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Was David Cameron more ‘one nation’ or Thatcherism in his style as Prime Minister?

After the 2015 UK general election, David Cameron was able to form a majority conservative government. Between 2010-2015 he had been in a coalition government with the Liberal Democrats.

In examining David Cameron’s Prime Ministerial style it is important to look at both the language used which may promote a particular view but also the actual policies carried out.

For a One Nation Cameron Government

        Whereas the predominant idea during the Thatcher period was that wealth created by the rich would ‘trickle down’ to lower income groups, the Cameron Government pursued the idea that poverty has to be tackled directly. Cameron defined ‘helping people out of poverty’ as one of the key aspects of Progressive Conservatism and bringing people off benefits was presented as a means of doing this. The Troubled Families Initiative was designed to change the behaviour of problem families and integrate them into the rest of society.

        Cameron talked about the need for equality of opportunity and George Osborne, during and since the election, promoted the Conservatives as the party that helped working families partly to counter Labour’s appeal to people who had not seen their wages rise since 2010.  The 2015 Budget introduced a ‘Living Wage’ which employers would have to pay, in effect a large increase in the Minimum Wage, and  the Conservatives took over the policy, originally promoted by the Liberal Democrats, of exempting low wage earners from income tax.

      The Conservatives, under David Cameron, safeguarded spending on education and the National Health Service from the large public expenditure cuts and also protected old age pensions in recognition that Government needed to provide in these key areas.  They also protected the International Development budget.

        Cameron adopted the traditional Conservative idea that voluntary organisations and the family are important in binding society together, in contrast to Thatcherite ideas of individualism. The’ Big Society’ initiative was designed to encourage local organisations and volunteers to provide services and improve neighbourhoods.  The limited success of the initiative led Cameron to abandon the initiative by the end of the Coalition Government.  The Cameron Governments promoted some decentralisation of power to local communities and local councils in contrast to the centralisation of the Thatcher period.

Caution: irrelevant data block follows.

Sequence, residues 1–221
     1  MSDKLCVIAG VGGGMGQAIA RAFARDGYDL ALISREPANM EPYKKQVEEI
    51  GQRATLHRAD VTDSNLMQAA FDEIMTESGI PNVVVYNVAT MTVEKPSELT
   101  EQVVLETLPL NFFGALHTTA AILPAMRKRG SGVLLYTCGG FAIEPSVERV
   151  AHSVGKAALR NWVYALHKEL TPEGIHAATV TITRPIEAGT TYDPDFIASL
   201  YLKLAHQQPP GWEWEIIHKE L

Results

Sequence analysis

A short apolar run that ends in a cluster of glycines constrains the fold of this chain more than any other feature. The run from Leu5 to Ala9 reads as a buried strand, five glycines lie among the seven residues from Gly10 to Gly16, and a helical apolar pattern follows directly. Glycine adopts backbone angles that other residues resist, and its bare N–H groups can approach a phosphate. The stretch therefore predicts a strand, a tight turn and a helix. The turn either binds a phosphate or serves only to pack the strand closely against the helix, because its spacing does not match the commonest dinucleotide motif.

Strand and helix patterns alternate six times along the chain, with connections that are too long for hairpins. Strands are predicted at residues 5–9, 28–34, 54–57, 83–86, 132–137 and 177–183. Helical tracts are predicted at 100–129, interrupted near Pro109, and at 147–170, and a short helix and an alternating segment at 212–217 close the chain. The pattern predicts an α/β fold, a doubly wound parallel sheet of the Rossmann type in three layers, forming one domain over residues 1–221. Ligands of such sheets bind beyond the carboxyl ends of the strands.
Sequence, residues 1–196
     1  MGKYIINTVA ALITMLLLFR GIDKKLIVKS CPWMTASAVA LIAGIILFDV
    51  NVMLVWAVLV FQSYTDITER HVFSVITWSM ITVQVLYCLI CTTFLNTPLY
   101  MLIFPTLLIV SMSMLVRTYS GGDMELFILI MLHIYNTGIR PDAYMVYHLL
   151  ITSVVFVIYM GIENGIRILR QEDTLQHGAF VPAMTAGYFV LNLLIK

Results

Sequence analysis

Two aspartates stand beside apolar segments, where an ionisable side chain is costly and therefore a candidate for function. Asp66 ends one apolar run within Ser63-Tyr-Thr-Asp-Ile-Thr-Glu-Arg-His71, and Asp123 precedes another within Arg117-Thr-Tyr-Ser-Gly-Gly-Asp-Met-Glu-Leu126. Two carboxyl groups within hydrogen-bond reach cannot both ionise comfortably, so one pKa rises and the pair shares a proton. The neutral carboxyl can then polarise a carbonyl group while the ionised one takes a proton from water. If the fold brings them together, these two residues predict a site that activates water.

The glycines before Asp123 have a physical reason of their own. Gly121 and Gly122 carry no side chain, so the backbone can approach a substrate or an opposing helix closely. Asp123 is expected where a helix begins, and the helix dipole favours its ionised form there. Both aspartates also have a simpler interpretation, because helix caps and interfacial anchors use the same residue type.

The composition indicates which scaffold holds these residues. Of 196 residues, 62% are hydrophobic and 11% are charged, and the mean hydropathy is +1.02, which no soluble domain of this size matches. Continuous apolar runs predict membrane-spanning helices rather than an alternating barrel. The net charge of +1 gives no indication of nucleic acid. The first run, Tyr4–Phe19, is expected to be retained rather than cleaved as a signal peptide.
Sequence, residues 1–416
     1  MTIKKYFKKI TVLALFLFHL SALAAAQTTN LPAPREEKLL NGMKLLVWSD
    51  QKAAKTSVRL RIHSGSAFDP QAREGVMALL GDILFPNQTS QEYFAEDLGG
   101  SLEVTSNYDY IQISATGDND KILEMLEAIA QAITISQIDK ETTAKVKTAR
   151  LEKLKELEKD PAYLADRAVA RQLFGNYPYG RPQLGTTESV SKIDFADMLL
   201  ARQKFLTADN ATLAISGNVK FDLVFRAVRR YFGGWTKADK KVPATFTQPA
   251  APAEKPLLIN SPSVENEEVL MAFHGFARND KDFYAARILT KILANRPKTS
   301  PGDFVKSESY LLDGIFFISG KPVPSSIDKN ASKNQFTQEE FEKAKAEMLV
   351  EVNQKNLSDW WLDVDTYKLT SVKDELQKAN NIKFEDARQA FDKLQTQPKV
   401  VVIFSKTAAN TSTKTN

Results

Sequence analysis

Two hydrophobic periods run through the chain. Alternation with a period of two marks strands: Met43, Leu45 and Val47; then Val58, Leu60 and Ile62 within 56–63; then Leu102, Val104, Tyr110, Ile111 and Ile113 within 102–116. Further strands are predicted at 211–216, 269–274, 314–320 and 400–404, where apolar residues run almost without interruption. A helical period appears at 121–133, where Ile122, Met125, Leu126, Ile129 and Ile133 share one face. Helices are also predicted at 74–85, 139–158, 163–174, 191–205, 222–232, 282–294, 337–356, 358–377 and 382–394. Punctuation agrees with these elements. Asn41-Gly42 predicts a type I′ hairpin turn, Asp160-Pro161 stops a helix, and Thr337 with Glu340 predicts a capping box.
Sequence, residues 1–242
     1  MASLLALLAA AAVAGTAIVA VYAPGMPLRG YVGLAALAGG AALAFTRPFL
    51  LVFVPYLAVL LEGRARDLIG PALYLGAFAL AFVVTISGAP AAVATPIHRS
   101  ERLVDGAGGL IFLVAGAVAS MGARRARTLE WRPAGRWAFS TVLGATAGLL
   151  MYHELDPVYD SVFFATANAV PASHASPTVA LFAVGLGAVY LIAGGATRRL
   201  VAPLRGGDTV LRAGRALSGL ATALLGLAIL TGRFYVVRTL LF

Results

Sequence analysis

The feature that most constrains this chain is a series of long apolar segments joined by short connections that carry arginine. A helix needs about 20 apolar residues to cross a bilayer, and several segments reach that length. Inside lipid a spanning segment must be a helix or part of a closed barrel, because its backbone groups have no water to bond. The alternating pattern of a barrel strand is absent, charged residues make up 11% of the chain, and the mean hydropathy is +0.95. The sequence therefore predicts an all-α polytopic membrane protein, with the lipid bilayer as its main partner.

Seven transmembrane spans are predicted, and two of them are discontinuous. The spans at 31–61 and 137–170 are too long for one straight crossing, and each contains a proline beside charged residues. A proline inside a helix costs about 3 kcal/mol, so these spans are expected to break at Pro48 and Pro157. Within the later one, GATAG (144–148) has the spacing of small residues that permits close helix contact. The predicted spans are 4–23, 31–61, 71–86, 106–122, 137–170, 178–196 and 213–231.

Cameron adopted a more inclusive view of society by a concern for minority groups. He saw through legislation on gay marriage, despite the opposition of many Conservatives, and showed more concern to promote racial equality, for example by ensuring the selection of ethnic minority Conservative parliamentary candidates.

For a Thatcherite Cameron Government

        The deficit reduction programme led to a substantial reduction in the size of the State.  Although spending on the NHS and schools was largely maintained, other areas were drastically reduced.  Local Government has been heavily impacted, some say to the point where practically it can only provide services  it is legally obliged to provide, such as adult social care and child protection. Many areas such as libraries began to be run by volunteers. Many Government bodies that provided advice were abolished and the size of the main Government ministries has been reduced.

        The Cameron Government reduced the public sector deficit by cutting public expenditure rather than by raising taxation, except for an early increase in VAT. George Osborne’s economic plans were intended to reduce public expenditure as a proportion of GDP to the level that existed before 1939.

        The Government maintained a deregulated economy.  The Government did not carry out a major reorganisation of the banking sector and opposed Labour’s proposals to regulate the energy companies.  Government departments were told that, wherever possible, regulations affecting business should be removed.

        The promotion of competition continued in the public sector with a large planned increase in free schools and the awarding of contracts in the NHS to private firms.

        After initially promoting a positive role within the EU, Cameron was pushed by his backbenchers and the UK Independence Party into an increasingly Eurosceptic stance.

        The Conservative Government introduced trade union legislation. The impact, some said, would severely regulate the right to strike and the way in which strikes are conducted.